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Germany to return Portuguese Stone Cross to Namibia

Germany to return Portuguese Stone Cross to Namibia

Staff Reporter
The German Historical Museum has announced it will return a 15th century monument to Namibia after it was taken during the colonial era.
The Stone Cross is a Portuguese navigation landmark placed on the southwest African coastline by Diego Cão in 1486.

Pictured: The stone cross Diego Cão planted at Cape Cross more than half a millennium ago still in pristine condition as a display in a German museum. Photo: Contributed

But when the area was under German colonial control in the 1890s, the cross was taken and moved to Europe.
Namibia asked for its return in 2017 and on Friday, the Berlin museum formally agreed to the request.
Germany has pledged to return artefacts and human remains to its former colonies.
At a ceremony, German Culture Minister Monika Grütters said it was a “clear signal that we are committed to coming to terms with our colonial past”.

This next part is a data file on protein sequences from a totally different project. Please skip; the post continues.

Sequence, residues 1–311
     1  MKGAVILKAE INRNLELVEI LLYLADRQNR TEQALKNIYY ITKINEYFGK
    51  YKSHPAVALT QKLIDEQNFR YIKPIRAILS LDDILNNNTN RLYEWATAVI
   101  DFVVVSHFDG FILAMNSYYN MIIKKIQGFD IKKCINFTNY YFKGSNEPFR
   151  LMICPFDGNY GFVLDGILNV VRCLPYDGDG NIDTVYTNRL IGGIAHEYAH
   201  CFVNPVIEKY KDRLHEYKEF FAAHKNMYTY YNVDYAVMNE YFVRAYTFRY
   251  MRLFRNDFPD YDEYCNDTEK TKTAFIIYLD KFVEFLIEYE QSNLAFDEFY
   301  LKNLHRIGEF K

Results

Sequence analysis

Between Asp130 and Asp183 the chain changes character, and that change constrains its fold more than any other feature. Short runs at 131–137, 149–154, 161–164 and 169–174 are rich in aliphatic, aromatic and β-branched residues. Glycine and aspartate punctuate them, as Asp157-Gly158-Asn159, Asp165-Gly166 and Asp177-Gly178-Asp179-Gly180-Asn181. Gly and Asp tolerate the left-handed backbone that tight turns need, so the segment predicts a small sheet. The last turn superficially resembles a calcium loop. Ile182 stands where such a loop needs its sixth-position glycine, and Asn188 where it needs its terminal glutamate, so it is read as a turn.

Namibia’s ambassador to Germany, Andreas Guibeb, called it an “important as a step for us to reconcile with our colonial past and the trail of humiliation and systematic injustice that it left behind.”
The Minister of State responsible for International Cultural Policy at the Federal Foreign Office, Michelle Müntefering, welcomed an corresponding decision of the DHM board of trustees on Thursday. “The return of cultural goods is an important building block for our common future with Namibia”, said Müntefering.
Portuguese explorer Diego Cão first placed the 3.5 metre stone cross – featuring Portugal’s coat of arms – on Africa’s southwest coast during one of his expeditions.
The cross at, what is now known in Namibia as Cape Cross, became so well known it featured on ancient seafarers’ maps of the area.
A German naval commander during Germany’s colonial rule of German South West Africa during the country’s control of what later became Namibia between 1884 and 1915, decided to take the cross to Germany in 1893.
The German Historical Museum foundation’s president, Raphael Gross, wrote in a press release published in the Frankfurter Allgemeine Zeitung that the cross represented “the slow beginning of colonial rule in present-day Namibia.”
The release indicated that the historically significant stone cross of Diego Cão will be returned to Namibia in August this year.

Sources: &

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